Peter Lynch knows a thing or two about picking winners in the stock market. From 1977 to 1990, he delivered 29% annualized returns as the manager of the Fidelity Magellan Fund.
Lynch was famous for identifying small, fast-growing consumer brands before they became household names. There are four things that stand out about lululemon athletica (LULU -3.39%) that illustrate the type of stocks Lynch loved to buy.
1. Consistent grower
One of Lynch's favorite investment opportunities was finding a company that consistently grew earnings per share between 20% to 25% per year. The reason stems from what makes stocks go up (or down) over the long term.
Stocks can do anything in the short run, but in the long run, there is a high correlation between a stock's performance and the underlying growth of the company's profits. A company that delivers compounding growth in profits at high rates over many years can deliver millionaire-making returns.
Lululemon's brand power and "Science of Feel" approach to product design has translated to high growth in revenue and profits. Between fiscal 2016 and fiscal 2020, revenue grew at a compound annual rate of 18% per year. But earnings per share rose at a rate of 27%, partly thanks to higher margins from the booming e-commerce business.
The pandemic slowed Lululemon's momentum, but revenue growth reached 24% in the fiscal fourth quarter, and management is guiding for revenue and adjusted earnings per share to grow 27% and 35%, respectively, in fiscal 2021.
Earlier in the decade, Lululemon got into trouble over quality issues with its popular Luon yoga pants under previous management. Lululemon recalled its Luon product, which caused a shortage in supply and revenue growth to decelerate from 37% in fiscal 2012 to 16% in fiscal 2013. But the company's ability to get past this and reaccelerate growth is a testament to the company's brand power.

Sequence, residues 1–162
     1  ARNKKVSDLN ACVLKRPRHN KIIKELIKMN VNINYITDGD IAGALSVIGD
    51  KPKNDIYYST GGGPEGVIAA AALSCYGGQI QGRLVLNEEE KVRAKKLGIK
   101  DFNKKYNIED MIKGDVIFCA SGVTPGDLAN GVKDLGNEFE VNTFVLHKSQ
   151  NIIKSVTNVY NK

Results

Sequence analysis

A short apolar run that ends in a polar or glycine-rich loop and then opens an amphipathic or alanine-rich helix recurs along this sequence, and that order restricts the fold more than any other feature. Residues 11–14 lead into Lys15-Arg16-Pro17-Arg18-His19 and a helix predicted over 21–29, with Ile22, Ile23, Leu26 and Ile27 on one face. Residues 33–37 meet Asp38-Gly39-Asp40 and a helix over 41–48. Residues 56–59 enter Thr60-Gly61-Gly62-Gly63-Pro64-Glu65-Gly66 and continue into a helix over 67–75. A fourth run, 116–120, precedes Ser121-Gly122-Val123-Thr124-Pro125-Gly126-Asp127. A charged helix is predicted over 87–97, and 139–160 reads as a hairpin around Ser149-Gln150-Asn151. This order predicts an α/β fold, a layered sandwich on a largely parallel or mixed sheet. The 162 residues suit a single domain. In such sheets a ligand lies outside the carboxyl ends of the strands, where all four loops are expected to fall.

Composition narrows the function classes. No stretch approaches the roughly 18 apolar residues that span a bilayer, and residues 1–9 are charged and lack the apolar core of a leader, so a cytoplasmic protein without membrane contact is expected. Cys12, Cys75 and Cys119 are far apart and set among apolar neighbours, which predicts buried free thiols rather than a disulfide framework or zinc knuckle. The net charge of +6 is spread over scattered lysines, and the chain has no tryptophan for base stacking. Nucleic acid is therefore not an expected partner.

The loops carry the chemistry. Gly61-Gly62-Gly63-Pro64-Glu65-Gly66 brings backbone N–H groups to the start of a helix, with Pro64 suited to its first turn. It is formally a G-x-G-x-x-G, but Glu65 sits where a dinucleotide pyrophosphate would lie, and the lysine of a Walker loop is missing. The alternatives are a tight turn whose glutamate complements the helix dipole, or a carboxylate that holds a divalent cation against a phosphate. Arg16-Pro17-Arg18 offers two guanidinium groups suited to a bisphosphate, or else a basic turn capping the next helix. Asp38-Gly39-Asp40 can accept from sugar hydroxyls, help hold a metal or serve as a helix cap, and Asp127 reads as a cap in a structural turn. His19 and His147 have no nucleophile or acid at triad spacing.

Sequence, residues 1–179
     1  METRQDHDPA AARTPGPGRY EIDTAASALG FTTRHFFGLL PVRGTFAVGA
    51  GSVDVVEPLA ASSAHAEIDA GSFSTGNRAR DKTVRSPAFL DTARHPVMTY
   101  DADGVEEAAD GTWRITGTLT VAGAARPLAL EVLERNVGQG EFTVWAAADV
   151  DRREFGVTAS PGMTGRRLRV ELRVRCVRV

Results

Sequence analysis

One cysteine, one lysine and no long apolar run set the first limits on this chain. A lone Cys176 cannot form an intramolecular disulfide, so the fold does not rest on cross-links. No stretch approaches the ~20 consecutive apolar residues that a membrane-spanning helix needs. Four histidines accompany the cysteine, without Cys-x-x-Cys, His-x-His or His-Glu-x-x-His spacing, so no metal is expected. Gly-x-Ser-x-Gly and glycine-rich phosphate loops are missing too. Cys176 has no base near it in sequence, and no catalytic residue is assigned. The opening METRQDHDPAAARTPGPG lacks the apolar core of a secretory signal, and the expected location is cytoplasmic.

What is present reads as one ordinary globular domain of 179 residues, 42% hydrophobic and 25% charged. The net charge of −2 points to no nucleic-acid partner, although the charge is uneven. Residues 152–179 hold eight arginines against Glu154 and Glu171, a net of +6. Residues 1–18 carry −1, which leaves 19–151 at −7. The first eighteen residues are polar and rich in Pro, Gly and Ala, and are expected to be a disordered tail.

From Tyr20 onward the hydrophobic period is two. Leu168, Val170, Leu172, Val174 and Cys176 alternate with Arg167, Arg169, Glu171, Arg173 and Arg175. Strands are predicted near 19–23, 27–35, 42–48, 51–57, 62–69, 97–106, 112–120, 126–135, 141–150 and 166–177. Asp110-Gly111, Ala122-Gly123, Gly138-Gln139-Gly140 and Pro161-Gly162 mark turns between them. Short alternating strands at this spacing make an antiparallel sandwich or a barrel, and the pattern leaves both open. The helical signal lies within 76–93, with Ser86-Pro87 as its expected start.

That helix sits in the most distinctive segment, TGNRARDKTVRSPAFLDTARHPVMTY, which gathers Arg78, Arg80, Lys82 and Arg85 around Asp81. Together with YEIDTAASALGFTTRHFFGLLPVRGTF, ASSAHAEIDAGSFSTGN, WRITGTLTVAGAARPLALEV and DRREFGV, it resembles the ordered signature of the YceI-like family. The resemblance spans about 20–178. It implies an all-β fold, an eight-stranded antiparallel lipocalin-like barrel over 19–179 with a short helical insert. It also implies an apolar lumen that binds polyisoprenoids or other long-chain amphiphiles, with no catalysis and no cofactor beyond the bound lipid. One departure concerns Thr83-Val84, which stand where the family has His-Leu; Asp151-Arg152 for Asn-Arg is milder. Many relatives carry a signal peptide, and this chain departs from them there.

Overall, Lululemon's ability to deliver stellar operating results has fueled a 617% climb in the stock price over the last 10 years.
2. Expansion opportunities
In addition to high earnings growth, Lynch also looked at whether the company had room to keep growing.
Lululemon ended fiscal 2020 with 521 stores open worldwide, but CEO Calvin McDonald sees plenty of room for further expansion.
We continue to be underpenetrated from a brick-and-mortar perspective across all our markets, including North America and around the world.
-- McDonald, fiscal fourth-quarter 2020 conference call
Lululemon's brand "translates across cultures and geographies," as McDonald mentioned. The company has a long runway of growth ahead, with international revenue comprising only 14% of Lululemon's business at the moment.
3. Improving growth story
Lynch liked to think of a company's growth path as an unfolding story. It was Lynch's way of monitoring a company's progress at tackling its addressable market. For example, if a retailer continued to open new stores, but same-store or comparable sales growth began to head south, that would mean the story is getting worse and it might be time to sell.
Is Lululemon's story getting better or worse? Even though comparable store sales declined last year, the COVID-19 pandemic was outside of Lululemon's control, so the company gets a pass on this metric for the moment. Other indicators point to a strengthening business.
The brand has been making headway to expand the men's business, which currently makes up 22% of total revenue. Lululemon scored big-time with its ABC pants in recent years, placing the company on track to double 2018 men's revenue by 2023.
What's more, management is targeting new product categories for expansion. Last year, Lululemon acquired the home-fitness platform Mirror, and so far, it is outperforming management's expectations.
Next year, Lululemon plans to launch its own line of technical footwear. Management sees areas in the market where it can compete effectively.
4. A low PEG ratio
Lynch got famous for savvy growth picks, but he didn't follow a buy-at-any-price approach.
The ideal price that got Lynch interested in making the initial investment was when the stock traded at a price-to-earnings ratio that was at or near the underlying growth rate in earnings. Today, this metric is known as the PEG ratio -- the price-to-earnings ratio divided by earnings growth.
Given the store closures and costs that weighed on Lululemon's results last year, the PEG ratio based on trailing earnings growth is not very useful. However, if we use the consensus analyst estimate for earnings growth for fiscal 2021, Lululemon currently sports a forward PEG ratio of 1.13, which is close to the level where Lynch would be interested in buying shares.
With a record of consistent growth and plenty of opportunities to keep expanding, Lululemon checks a lot of boxes that famed investor Peter Lynch would love in a long-term investment.